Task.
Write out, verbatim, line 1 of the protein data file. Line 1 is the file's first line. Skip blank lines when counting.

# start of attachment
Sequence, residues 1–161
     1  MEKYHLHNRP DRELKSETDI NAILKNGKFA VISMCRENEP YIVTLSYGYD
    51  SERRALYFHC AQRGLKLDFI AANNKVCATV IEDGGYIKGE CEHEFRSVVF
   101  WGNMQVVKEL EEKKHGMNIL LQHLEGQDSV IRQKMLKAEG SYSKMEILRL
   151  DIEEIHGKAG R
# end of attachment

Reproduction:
Sequence, residues 1–161